The Aria from Salaambo, an operatic sequence that Herrmann composed for the unhappy debut of Kane's protégé, Susan Alexander, had to expose her as the rank amateur she was unequal to so grand a challenge. So he put the Aria in a key that would force the singer to strain for the high notes. Herrmann said he wanted to convey the impression of "a terrified girl floundering in the quicksand of a powerful orchestra." (The eloquent phrase is Benny's own.) In the film soundtrack, soprano Jean Forward sang the vocal part for Dorothy Comingore. The score that Herrmann composed for Citizen Kane, together with the prestige that the picture achieved in professional Hollywood, established him as an important new voice in film music.

His next score was All That Money Can Buy, the cinema version of Stephen Vincent Benet's book, The Devil and Daniel Webster. The director was William Dieterle. In this mordant and witty fable, the devil, who is called Mr. Scratch (and played, in an inspired bit of casting, by Walter Huston) seems to have been turned loose to terrorize a New England village. An unusual task for the composer was to devise a sound appropriate for the soul of one of Mr. Scratch's victims, who is imprisoned in a matchbox -exactly the kind of challenge that drives film composers to drink (although, in our nearly four decades of friendship I never saw Benny intoxicated.) In any event, he was more than equal to the task, and he won an Academy Award for this score.

Throughout his career Bernard Herrmann continued to voice his resolute, unyielding opinions about music-and just about everything else. I used to describe him as a virtuoso of unspecific anger, which he bestowed so impartially upon friend or enemy that I often wondered whether he knew the difference. He was, it is sad to say, a flawed man, and he paid a greater penalty for his own shortcomings than those who experienced the pain of his rages. Remarkable composer that he was, he was that despite a rudimentary sense of melody, which he sought to remedy by repeating short phrases in sequences—meaning that he would state a brief musical phrase and then repeat it, and repeat it again and again in other positions. One of my students asked me after viewing VERTIGO whether I could identify a fragment played on an organ as Kim Novak walks through a church. I answered that I could not, but that I knew the name of the church: Our Lady of Perpetual Sequences.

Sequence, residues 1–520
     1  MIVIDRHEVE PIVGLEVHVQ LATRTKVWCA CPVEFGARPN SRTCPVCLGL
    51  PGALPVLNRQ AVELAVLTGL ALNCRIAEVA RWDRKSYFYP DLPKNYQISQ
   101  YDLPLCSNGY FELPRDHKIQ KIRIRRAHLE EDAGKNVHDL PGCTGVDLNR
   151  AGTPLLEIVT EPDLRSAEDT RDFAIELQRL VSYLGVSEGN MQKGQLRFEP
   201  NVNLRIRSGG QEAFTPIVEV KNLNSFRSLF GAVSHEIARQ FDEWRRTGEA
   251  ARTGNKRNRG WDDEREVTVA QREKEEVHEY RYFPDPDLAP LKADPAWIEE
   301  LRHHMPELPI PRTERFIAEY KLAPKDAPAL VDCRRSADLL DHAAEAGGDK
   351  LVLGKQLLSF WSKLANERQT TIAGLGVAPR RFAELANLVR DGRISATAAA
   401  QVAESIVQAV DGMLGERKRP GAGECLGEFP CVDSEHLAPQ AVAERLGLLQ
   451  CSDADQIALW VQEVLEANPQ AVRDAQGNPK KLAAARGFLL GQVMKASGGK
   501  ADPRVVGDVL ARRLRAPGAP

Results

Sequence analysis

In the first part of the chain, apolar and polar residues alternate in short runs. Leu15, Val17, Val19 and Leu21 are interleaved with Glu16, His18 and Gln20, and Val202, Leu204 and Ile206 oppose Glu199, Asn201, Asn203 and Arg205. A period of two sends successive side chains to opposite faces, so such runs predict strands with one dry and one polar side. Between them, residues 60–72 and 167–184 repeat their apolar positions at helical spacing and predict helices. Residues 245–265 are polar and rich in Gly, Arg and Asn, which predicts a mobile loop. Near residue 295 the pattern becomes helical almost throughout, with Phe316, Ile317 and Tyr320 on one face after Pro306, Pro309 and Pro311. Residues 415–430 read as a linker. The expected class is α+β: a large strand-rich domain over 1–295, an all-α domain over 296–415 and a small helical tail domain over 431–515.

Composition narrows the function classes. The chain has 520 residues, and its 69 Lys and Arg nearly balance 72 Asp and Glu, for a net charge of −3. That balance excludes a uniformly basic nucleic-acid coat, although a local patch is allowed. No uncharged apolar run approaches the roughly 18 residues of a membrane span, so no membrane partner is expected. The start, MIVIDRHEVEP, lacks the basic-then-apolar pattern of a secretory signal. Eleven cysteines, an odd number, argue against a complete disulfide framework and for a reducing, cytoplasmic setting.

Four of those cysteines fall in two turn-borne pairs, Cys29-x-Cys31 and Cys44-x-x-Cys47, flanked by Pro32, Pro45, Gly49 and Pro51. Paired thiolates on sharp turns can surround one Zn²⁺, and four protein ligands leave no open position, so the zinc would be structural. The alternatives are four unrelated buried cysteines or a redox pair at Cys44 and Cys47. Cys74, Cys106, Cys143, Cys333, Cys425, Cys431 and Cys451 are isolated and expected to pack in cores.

Is that a proper remark from a friend and colleague? More important, is it true? I believe it is, but I would not find it possible to issue such an appraisal if I were less aware of his wonderful qualities as a composer of film scores. Think of the values he gave to the movies he enriched with his music. Think what they would have been without Benny's contribution. Think of Citizen Kane, Jane Eyre, All That Money Can Buy, Hangover Square, North By Northwest, The Day The Earth Stood Still, Vertigo; try to imagine Psycho without Herrmann's music for the shower scene, or his evocation of Hell on earth in Taxi Driver, or the beauty and pathos with which he infused The Ghost And Mrs. Muir (my own favorite). Such music does not come from a man whose soul is a litany of harsh cadences. And in fact, this implausible, sometimes even impossible man could also be a loving friend, a sentimental innocent, an endearing companion. In the end it was the humanity of this extraordinary person that spoke in his music, his art, for which he is justly celebrated.